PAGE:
Chemistry students celebrate the importance of Mole Day

Chemistry students celebrate the importance of Mole Day

Max Eley and Maya Garrison, Staff Writers

A celebration that is eagerly anticipated by those involved in chemistry, Mole Day has arrived today, October 23 bringing lots of puns, a crazy dance and the overall admiration of a furry little creature in Mr. Taylor’s class. 

To those who are unfamiliar, it may seem weird that Mr. Taylor throws a huge day-long party about a mole. However this day is about much more than just celebrating an animal.

The mole is a symbol of a foundational unit in chemistryーthe mol. It has many, many uses within the field giving it a huge reputation and a big reason to go absolutely crazy over it on October 23. 

But why October 23? It’s because one mol of a given element contains 6.02 x 10^23 atoms of that element. 10^23 therefore being October 23.

When asked about why Mole Day is so important, Taylor said that it is a chance to share how amazing and useful moles are and it builds mole-mentum to learn more about chemistry. 

“Most people think of a mole as the furry little ani-mole that messes up their yard but it is so much more and I want to share it with everyone,” Mr. Taylor said.

Mr. Taylor certainly has several things up his sleeve when it comes to celebrations. To go along with more puns than you can handle, Mole Day in his class has many other memorable activities.

“Usually we have guaca-mole, water-mole-on and other tasty treats while listening to Post Mole-one or Mole-town artists,” Mr. Taylor said.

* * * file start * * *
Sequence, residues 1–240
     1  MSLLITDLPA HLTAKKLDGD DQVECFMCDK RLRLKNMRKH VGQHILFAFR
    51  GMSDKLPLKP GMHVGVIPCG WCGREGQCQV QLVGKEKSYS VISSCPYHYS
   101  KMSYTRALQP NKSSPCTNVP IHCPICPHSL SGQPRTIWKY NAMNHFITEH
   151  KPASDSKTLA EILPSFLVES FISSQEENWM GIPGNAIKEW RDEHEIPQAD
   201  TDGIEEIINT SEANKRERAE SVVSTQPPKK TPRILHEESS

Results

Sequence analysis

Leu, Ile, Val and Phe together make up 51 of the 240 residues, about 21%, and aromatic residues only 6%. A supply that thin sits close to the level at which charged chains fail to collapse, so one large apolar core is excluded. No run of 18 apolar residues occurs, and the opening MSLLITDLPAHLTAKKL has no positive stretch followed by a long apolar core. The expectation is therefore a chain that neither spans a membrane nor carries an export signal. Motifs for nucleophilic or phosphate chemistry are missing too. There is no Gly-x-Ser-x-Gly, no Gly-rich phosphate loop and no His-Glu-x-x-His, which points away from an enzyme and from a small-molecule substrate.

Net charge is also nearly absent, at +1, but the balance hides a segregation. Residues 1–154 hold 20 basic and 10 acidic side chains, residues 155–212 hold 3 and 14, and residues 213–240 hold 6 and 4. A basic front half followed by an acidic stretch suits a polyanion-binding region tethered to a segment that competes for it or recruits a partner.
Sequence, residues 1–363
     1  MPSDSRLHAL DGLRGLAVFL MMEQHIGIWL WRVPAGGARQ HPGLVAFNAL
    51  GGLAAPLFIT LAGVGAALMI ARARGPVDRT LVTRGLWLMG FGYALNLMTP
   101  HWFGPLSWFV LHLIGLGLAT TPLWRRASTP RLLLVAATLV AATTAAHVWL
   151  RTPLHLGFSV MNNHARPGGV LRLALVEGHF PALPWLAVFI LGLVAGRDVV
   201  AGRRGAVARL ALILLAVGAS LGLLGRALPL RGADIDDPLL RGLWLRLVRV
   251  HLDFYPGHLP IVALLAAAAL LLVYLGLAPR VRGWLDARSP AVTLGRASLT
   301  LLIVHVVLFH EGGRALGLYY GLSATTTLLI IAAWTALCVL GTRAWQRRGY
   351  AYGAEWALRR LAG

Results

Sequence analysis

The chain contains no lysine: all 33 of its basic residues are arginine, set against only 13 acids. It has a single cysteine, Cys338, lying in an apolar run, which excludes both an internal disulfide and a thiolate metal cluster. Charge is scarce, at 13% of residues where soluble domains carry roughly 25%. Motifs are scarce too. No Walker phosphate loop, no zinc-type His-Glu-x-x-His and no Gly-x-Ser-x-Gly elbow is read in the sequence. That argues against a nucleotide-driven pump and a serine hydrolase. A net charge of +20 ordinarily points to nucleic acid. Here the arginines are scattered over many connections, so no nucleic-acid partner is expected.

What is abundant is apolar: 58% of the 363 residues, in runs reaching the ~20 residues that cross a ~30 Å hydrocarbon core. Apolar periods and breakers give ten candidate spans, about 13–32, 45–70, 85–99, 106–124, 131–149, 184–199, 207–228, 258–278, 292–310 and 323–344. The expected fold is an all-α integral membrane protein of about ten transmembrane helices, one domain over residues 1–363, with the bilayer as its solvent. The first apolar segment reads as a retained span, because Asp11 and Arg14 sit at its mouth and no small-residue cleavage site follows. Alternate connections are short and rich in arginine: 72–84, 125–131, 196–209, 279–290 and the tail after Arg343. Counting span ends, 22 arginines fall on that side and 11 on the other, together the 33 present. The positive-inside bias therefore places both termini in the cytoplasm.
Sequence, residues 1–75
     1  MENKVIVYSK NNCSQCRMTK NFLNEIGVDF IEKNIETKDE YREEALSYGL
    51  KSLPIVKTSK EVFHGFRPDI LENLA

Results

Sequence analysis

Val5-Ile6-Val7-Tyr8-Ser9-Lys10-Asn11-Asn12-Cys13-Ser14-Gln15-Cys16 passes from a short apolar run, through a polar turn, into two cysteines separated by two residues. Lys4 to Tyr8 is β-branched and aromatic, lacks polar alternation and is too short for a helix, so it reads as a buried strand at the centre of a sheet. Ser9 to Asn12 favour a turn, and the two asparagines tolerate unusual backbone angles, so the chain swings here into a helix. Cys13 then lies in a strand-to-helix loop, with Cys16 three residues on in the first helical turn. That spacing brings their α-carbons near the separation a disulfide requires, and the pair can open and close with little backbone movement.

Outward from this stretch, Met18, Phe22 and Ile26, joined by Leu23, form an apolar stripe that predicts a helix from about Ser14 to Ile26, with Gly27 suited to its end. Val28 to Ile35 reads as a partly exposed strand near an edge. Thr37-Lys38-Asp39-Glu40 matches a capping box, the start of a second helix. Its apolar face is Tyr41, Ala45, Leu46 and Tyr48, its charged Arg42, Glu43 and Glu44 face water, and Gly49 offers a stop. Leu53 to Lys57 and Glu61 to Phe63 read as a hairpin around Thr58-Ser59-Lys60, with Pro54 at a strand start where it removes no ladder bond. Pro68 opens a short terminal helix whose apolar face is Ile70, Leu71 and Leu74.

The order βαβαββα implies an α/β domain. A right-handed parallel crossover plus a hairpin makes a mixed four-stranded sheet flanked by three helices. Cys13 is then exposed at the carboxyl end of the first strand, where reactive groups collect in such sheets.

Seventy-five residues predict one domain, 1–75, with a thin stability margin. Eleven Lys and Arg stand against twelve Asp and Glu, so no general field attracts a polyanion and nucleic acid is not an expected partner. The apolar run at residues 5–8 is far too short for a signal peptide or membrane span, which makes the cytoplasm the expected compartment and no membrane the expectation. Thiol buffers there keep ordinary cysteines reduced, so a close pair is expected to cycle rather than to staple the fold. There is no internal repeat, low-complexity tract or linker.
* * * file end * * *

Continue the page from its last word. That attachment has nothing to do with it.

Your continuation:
Not only do chemistry teachers celebrate Mole Day, but chemistry students do too. Many students in Mr. Taylor’s class take Mole day very seriously, and love to participate in celebrating every year. 

IB Chemistry student Rebecca Chenoweth said, “I plan on primarily celebrating this day in Mr. Taylor’s class because he likes to make it special and fun with his students.” 

Every year, students participate in making “Mole Day projects” in Mr. Taylor’s class. This helps students become more engaged in this educational holiday, and it’s also a fun break from learning the IB curriculum. 

Chenoweth said, “This year, I plan on making a funny video with my friends and pets about Avogadro’s number.” 

Students, like Chenoweth, that have had Mr. Taylor in the past recall that he does a great job of making Mole day a special holiday for chemistry students. 

“I’ve been in his class for Mole Day 3 out of 4 years of high school. His excitement about this day makes all of his students enjoy it even more,” Chenoweth said. “My favorite memory has to be him dancing on the chemistry lab tables though!”